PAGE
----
Hawkins’s score consists of eight “cells” of note sequences, with written instructions such as “Proceed at own rate; no need to synchronise” and “Any cell may be transposed into any octave”. Galeano’s words were read by Zawadzki, who was also playing violin and singing in the group, and by Notes Inégales’ regular percussionist, Simon Limbrick. The piece began with a drone on G and ended after about 20 minutes with all the instruments sustaining their highest possible pitch, at minimal volume. “Hold this final drone for as long as we dare,” Hawkins instructed, “and even then a little longer.”
I meant to ask the composer if he’d also read Ruy Castro’s classic biography of Garrincha, where the author describes the other Brazilian players’ reaction to the goal — in which the player dribbled past the entire Fiorentina side before making a fool of the goalkeeper as he scored. Garrincha’s team mates refused to celebrate with him and were bitterly critical afterwards, complaining that any attempt to repeat such an individualistic feat during the World Cup itself would risk damaging their chances of winning the trophy (which they did, of course).
Football and jazz: both are completely dependent on improvisation, individual and collective, on players with a sense of adventure and possibility but also with a sensitivity to the potential of their colleagues. The two hours of music I was able to hear last night, featuring pieces by Robinson, Sanders, Zawadzki and Helen Pappaioannou as well as Hawkins’s contribution, was full of those qualities. I particularly enjoyed the playing of Hyelim Kim on the taegum (a Korean bamboo flute), Jackie Shave on violin, Ben Markland on bass guitar, Torbjörn Hultmark on trumpet and Chris Starkey, whose interventions on an orange plastic-bodied Airline electric guitar were often startling and always stimulating.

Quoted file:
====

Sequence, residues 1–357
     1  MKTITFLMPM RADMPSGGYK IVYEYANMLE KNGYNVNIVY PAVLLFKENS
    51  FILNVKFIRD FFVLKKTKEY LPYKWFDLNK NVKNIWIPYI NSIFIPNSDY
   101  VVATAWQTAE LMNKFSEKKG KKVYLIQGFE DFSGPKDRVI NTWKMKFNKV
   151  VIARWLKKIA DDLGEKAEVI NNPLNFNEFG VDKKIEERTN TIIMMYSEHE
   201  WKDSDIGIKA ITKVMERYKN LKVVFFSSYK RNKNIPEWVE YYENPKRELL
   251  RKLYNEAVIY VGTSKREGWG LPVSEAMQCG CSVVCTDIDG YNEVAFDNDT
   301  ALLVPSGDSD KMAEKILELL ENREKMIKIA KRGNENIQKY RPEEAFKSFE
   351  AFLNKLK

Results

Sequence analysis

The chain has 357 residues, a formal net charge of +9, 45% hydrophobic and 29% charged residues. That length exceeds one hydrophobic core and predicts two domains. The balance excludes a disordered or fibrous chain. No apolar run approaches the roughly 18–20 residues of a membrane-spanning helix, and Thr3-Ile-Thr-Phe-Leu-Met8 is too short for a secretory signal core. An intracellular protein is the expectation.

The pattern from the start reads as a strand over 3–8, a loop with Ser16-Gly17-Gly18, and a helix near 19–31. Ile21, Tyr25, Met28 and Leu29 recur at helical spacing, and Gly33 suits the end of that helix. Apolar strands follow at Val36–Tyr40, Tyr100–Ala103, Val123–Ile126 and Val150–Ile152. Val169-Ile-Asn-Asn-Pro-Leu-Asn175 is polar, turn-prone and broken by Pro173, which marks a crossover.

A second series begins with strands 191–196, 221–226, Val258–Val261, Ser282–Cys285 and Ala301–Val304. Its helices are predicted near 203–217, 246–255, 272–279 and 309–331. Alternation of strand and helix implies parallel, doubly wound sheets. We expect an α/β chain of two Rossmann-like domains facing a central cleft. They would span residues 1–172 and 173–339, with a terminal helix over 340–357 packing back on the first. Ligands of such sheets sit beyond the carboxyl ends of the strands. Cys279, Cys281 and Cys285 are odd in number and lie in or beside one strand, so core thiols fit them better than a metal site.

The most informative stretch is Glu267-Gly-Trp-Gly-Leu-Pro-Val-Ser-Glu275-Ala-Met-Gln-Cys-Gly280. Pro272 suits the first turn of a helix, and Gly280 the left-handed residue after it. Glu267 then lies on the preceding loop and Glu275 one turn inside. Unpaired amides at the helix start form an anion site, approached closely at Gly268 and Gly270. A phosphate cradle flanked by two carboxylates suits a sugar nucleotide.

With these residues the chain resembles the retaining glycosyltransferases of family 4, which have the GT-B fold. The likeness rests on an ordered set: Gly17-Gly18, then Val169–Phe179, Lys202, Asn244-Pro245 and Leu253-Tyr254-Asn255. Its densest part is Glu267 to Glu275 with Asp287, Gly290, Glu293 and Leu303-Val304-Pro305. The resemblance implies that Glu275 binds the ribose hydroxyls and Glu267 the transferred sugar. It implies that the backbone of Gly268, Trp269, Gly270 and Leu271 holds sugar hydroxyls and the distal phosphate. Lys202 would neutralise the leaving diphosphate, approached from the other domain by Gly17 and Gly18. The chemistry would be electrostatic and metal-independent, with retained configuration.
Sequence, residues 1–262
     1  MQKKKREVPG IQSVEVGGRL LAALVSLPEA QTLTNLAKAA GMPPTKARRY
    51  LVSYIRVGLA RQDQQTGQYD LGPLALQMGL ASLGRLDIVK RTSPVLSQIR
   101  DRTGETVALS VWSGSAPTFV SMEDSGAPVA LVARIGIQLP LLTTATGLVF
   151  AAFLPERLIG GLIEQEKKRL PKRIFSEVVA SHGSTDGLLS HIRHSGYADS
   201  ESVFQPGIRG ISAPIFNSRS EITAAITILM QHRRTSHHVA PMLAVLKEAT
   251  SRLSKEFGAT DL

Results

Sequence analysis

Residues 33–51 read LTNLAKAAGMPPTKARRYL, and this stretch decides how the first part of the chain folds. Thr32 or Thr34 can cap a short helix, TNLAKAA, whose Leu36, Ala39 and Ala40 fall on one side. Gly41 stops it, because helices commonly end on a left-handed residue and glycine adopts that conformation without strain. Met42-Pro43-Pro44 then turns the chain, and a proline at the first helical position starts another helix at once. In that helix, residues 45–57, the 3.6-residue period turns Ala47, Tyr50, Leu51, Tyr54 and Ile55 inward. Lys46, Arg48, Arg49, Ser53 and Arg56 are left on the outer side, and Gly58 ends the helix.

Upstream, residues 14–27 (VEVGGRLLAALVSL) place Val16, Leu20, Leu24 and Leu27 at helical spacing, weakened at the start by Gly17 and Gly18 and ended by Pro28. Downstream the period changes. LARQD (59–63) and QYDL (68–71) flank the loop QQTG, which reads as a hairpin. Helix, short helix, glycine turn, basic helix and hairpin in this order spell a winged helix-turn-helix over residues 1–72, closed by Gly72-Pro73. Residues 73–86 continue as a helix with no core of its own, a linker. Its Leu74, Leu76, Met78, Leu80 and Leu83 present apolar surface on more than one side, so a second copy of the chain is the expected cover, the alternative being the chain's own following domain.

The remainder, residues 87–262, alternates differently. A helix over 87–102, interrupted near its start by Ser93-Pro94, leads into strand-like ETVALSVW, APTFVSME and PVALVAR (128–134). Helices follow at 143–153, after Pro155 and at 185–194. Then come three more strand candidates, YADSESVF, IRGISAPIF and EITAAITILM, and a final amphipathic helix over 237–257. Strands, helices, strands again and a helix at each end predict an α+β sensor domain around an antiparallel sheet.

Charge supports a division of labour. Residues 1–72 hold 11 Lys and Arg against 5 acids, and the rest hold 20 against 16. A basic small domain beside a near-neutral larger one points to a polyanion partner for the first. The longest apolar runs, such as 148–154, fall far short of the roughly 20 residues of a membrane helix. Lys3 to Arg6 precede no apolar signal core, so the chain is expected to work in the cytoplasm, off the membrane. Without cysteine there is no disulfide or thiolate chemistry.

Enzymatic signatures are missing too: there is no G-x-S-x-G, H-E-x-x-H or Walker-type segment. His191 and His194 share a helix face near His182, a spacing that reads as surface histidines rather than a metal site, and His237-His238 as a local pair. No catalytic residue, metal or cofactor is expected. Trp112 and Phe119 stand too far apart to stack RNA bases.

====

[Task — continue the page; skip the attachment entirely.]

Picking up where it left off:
The moods ranged from the refined beauty of Zawadzki’s “In an Old Theatre” through a strange almost-irony in Sanders’ variations on “What a Wonderful World” to the broad humour of Robinson’s piece, whose changes of direction were indicated by the composer via commands displayed on his iPad, the last of which instructed the musicians to blame each other. For once, post-match recriminations were not confined to the dressing room.
The title of this blog is taken from my book The Blue Moment, published by Faber & Faber in 2009, in which I tried to look at how Miles Davis’s Kind of Blue had influenced half a century of modern music, from La Monte Young and Terry Riley through James Brown, John Cale and Brian Eno to Arve Henriksen and the Necks.